(MENAFN- Alghad Newspaper)
As of yesterday, Sunday, the cease-fire agreement in South-West Syria is in effect. The agreement, announced in Amman, was not the product of some momentary spring of judgment or reason.
On contraire, it was borne through long, tiring efforts to bring the parties involved into accord, mainly Jordan, Russia, and the United States.
Jordan was represented by a skilled and experienced team of diplomats and politicians, to put above all else the Kingdom's interests and security, and the vast benefit of the Syrians.
Tirelessly, Jordan has endeavoured without fail to stop the bloodshed and help make safe and possible the refugees journey back home, in the future.
Deterioration throughout Syria, and the recurrent failures to found a comprehensive solution to the crisis, cast a long shadow over the whole situation.
In such darkness, the agreement sounds like a political breakthrough, a glimmering sparkle of light.
On the mid-term, it may constitute a pivoting point for the crisis to allow for the prospects of establishing safe zones all throughout the country.
It leaves way for further Russo-American efforts could expedite the realisation of low-tension areas in Syria.
That said, the Amman Accord on Syria has become an important Syrian and international event for a variety of other reasons.
Chief of those reasons are three;
First, the agreement coincided with the G20 summit in Hamburg, Germany, the first summit to bring together US and Russian presidents.
In light of the discord in views between the US and Russia, as well as between the US and the European Union, the Amman Declaration restored some hope for the future.
Likely, the Accord may provide a steppingstone for the shoring up of ties between the poles of the world.
Russia's president, Putin, saw the Declaration as an important breakthrough in the Syria Crisis, and an indicator that further agreement with the US is indeed possible.
Armed with diplomacy and wisdom, Amman's role was the catalyst for the realisation of this breakthrough in Russo-American relations.
For years, King Abdullah II has maintained that convergence between the two, the US and Russia, is all but crucial for any future breakthroughs in the Syrian situation.
Second, the agreement affirms the long doubted stand that Jordan will not intervene in Syria militarily.
Likewise, it resounds Jordan's commitment and respect to the unity of Syria's people and political geography.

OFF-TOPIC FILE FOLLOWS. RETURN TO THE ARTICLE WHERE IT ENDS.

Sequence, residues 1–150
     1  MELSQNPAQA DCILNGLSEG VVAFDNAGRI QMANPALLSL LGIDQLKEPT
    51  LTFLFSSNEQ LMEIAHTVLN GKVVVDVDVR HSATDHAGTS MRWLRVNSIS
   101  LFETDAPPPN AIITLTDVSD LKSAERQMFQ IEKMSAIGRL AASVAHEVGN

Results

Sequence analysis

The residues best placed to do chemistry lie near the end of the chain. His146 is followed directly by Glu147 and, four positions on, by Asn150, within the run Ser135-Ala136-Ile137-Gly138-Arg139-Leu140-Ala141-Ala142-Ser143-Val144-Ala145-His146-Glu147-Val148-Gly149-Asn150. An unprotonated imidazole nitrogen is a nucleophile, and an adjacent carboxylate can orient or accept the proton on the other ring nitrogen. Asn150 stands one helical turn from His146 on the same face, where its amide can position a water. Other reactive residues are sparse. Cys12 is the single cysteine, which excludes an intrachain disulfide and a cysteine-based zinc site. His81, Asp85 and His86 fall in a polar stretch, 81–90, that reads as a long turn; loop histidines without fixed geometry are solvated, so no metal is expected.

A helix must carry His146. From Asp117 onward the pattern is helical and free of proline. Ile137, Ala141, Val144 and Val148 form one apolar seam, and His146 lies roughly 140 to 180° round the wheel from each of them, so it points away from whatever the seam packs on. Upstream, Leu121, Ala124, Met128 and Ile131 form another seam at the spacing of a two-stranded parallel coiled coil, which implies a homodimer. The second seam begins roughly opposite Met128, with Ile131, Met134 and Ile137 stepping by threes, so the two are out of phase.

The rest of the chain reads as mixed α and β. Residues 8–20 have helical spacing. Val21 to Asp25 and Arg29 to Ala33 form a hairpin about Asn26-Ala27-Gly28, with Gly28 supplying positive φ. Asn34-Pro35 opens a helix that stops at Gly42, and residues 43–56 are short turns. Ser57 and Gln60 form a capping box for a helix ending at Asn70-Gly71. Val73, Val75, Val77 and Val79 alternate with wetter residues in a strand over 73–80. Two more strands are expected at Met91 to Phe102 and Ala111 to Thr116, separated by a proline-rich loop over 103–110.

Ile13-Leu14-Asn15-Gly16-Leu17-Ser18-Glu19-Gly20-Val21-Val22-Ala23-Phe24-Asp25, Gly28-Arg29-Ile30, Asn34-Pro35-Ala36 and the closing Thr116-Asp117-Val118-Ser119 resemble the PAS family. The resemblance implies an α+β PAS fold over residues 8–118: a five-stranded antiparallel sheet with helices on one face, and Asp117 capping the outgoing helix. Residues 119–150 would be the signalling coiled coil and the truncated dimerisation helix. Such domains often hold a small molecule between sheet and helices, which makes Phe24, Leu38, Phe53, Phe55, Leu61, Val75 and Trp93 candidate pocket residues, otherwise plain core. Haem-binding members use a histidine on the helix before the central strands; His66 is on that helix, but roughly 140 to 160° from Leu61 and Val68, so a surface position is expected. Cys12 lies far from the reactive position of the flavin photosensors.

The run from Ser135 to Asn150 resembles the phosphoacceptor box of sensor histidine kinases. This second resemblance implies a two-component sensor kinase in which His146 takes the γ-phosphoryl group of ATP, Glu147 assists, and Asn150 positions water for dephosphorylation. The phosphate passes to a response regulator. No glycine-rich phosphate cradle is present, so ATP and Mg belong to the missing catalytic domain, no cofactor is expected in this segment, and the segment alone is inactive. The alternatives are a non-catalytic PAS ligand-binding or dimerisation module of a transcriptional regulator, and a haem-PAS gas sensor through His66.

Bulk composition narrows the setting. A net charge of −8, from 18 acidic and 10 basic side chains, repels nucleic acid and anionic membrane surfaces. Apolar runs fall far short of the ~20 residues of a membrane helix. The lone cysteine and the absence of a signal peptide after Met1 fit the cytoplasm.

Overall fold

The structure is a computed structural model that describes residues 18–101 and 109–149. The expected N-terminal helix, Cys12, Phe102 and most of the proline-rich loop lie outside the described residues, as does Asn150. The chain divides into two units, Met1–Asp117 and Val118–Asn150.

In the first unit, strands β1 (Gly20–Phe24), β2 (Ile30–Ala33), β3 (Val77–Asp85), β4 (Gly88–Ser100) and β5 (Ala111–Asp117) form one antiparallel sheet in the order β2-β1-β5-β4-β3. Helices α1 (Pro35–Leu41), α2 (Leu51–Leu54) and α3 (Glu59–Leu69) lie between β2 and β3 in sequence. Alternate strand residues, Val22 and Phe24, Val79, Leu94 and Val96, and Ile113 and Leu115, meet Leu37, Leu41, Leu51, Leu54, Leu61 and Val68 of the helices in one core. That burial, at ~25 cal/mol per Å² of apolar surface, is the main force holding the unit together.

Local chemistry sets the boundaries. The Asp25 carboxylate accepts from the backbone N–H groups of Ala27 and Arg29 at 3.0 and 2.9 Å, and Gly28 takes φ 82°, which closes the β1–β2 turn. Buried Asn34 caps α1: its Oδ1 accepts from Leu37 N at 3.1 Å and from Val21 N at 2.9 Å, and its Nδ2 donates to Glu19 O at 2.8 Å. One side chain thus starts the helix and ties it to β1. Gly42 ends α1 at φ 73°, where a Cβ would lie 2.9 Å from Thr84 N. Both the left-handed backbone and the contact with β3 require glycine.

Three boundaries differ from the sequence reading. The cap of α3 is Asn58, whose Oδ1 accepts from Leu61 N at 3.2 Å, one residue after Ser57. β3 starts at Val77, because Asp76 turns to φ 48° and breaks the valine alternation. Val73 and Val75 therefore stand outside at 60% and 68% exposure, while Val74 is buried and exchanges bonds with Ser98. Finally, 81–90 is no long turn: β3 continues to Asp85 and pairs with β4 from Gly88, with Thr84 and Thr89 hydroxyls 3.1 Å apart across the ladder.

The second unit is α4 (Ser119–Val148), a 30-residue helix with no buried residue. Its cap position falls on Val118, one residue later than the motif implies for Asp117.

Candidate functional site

Unlike other players, recklessly meddling in the fate of the Syrian nation, Jordan refrained from doing so.
Both Turkey and Iran, alongside various militias and groups, worked endlessly to secure as much terrain as possible.
Naturally, this complicated the Syrian situation and slimmed the chances of founding a resolution to the crisis.
Both the US and Russia were informed early on in the negotiations that Jordan will not send any troops to Syria under any conditions; not now, nor any time in the future.
The Kingdom's role will stick to protecting the borders and the exercise of political influence to support a permanent ceasefire.
Last, but not least, the agreement highlights the vitality of the South Syrian regions, which have long been neglected by the parties of the conflict; regime and opposition.
It proves that any settlement discarding the weight of the Syrian South will most certainly fail.
Today, without hesitation, international parties declare that the model ceasefire in the South-East is the only applicable option in Syria.
The parties involved in the Syrian North have successively failed to advance a ceasefire or at least lower the tention.
There are obstacles to the implementation of the Accord in the South, surely, and forces on both sides of the conflict seeking to it burn.
Nevertheless, it seems both the Russians and the Americans want to push this Accord forward.
Finally, this will be a decisive test of the leaders' real intents towards working together for a resolution in Syria, after the summit in Hamburg.
This article is an edited translation of the Arabic version, published by AlGhad.
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